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Bluescope Steel soars 188%

In hindsight, investing, like many other pursuits, looks easy. At some point most investors will have said to themselves, “Ah, I should’ve bought (sold) that!” It is easy to kid yourself into thinking that if the same events were to take place again you would make the right decision, however in reality it takes determination and independent thought to not only analyse a situation correctly but also to act.

Bluescope Steel (ASX: BSL) was the second highest performing stock last financial year (FY) in the S&P/ASX 200 Index (Index: ^AXJO) (ASX: XJO) – the first was Magellan Financial Group (ASX: MFG). Adjusting for the 1-for-6 share consolidation, Bluescope’s share price rose from $1.62 at the start of FY2013 to $4.67 at the end, a return of 188%. Magellan, by the way, returned a mouth-watering 367.5%!

Interestingly, the investment cases behind these two companies one year ago was completely different and required different approached in thinking about value. The investment case for Magellan centred on growth and understanding the trajectory of earnings the increase in funds under management (FUM) would have on the firm.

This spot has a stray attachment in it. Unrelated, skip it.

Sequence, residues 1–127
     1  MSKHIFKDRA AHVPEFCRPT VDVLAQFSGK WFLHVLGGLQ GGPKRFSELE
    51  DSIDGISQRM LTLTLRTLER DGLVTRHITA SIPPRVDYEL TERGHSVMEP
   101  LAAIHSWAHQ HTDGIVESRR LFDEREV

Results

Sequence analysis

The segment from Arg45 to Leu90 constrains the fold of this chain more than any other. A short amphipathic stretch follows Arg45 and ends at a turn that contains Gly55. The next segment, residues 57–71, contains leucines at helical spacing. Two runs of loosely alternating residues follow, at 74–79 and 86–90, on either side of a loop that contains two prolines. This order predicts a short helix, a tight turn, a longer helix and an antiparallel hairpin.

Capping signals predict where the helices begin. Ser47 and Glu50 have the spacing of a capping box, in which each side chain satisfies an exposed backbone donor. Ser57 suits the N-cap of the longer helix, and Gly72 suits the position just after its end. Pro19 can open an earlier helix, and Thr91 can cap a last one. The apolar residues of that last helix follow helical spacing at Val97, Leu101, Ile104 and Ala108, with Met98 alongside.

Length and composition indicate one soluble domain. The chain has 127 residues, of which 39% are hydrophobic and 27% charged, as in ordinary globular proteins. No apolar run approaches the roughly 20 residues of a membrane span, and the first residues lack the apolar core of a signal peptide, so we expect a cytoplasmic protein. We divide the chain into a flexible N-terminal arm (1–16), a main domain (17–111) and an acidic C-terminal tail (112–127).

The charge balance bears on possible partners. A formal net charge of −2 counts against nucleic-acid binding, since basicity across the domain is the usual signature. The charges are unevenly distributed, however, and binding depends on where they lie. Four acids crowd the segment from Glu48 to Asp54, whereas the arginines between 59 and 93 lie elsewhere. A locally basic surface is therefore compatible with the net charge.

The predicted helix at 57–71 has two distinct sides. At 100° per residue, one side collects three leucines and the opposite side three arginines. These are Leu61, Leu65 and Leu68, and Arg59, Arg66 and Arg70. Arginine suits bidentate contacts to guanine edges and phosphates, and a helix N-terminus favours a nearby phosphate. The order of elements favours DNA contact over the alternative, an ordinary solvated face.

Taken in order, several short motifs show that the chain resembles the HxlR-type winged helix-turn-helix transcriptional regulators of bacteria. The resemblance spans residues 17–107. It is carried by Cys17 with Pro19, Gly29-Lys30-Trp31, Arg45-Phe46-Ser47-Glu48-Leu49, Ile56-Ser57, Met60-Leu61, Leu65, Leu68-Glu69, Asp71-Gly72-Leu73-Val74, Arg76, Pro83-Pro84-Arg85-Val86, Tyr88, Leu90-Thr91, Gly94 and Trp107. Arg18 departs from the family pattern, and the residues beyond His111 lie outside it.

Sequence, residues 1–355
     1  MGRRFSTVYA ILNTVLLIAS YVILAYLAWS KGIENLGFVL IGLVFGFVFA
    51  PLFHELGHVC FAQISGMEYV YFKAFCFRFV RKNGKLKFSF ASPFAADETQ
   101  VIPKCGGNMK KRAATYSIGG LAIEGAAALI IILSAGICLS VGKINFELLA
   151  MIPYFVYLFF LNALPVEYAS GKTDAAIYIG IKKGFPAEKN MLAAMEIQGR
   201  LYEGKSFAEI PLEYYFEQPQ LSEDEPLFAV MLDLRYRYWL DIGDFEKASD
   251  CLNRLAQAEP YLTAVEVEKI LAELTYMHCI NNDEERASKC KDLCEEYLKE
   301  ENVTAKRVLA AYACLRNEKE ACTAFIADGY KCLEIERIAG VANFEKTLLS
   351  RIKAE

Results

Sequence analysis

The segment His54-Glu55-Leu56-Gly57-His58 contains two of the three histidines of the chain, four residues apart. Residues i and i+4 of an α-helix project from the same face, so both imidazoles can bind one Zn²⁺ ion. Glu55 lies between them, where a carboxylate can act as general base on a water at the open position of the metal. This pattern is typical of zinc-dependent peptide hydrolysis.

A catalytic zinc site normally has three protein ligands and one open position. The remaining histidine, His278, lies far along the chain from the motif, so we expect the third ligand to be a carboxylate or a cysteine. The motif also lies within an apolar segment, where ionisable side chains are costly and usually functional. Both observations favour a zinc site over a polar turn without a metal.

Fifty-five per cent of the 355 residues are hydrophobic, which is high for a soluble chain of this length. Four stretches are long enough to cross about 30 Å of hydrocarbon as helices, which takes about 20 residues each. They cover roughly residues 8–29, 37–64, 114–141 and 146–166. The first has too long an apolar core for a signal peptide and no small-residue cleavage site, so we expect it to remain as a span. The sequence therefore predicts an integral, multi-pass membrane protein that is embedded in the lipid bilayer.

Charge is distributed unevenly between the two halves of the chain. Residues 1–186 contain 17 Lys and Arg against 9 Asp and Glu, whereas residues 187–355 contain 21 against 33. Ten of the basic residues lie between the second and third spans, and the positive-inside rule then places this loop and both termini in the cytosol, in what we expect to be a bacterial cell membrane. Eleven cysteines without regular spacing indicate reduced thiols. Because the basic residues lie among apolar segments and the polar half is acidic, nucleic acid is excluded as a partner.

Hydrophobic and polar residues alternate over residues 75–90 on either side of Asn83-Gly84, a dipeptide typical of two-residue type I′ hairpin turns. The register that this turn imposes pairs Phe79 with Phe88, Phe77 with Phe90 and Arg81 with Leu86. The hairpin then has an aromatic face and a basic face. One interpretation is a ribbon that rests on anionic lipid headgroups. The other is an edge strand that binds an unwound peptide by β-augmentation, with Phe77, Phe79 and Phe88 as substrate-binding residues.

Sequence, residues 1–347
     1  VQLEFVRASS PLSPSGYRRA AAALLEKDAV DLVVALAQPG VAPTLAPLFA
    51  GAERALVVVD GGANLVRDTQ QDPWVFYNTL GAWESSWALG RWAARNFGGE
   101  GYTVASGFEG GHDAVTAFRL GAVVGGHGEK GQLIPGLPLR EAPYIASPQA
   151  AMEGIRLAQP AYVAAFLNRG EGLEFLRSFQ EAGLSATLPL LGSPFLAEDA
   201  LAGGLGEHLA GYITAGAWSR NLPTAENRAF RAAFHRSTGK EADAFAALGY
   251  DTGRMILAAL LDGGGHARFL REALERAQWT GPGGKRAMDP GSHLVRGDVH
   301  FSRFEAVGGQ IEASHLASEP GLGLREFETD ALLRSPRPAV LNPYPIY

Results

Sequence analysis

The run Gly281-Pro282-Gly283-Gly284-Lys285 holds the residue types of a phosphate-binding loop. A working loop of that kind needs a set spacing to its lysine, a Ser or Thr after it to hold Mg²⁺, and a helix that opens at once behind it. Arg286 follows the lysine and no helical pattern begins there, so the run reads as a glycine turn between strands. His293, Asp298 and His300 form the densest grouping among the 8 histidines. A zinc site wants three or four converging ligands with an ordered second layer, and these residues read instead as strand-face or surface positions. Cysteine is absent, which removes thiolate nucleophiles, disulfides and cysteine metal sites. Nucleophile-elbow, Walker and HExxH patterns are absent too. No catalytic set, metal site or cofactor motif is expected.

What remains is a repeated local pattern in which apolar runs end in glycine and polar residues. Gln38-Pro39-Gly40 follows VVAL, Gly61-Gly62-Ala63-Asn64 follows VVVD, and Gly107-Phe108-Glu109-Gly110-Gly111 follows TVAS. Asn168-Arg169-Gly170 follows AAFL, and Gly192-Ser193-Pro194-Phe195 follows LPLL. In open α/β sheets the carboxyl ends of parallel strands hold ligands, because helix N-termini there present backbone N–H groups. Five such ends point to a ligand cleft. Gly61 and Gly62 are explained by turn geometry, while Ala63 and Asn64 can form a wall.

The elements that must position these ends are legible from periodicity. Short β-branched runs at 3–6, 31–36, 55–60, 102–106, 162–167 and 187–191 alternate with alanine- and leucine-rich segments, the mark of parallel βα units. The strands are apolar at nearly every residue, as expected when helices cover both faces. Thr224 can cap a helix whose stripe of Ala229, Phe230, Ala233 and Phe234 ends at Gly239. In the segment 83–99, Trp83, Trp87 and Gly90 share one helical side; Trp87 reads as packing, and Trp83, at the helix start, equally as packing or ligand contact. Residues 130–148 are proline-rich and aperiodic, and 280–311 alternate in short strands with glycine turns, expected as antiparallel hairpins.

It also helped if one could have understood the dynamics that would lead to the enormous and swift increase in FUM. From a valuation standpoint, it meant having the confidence that earnings would grow significantly, making what looked expensive in the near term, reasonable value in the medium term.

Bluescope on the other hand required a different approach, which could be described as contrarian. A year ago, many analysts and investors had written Bluescope off, expecting it to go to the wall as many other Australian manufacturers sadly have. However, a careful understanding that while things were far from ideal for Bluescope, the market was being far too negative required contrarian thinking and the confidence to act.

A careful analysis of the facts showed that Bluescope still had some decent businesses, it was dramatically cutting costs and it was paying down debt, which meant the company had potential to turn things around.

Foolish takeaway

The returns achieved by investors in Bluescope are a prime example of what works in investing. As hard as it is to stand apart from the crowd, generally the best value is found where the crowd is not.

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Motley Fool contributor Tim McArthur does not own shares in any of the companies mentioned in this article.

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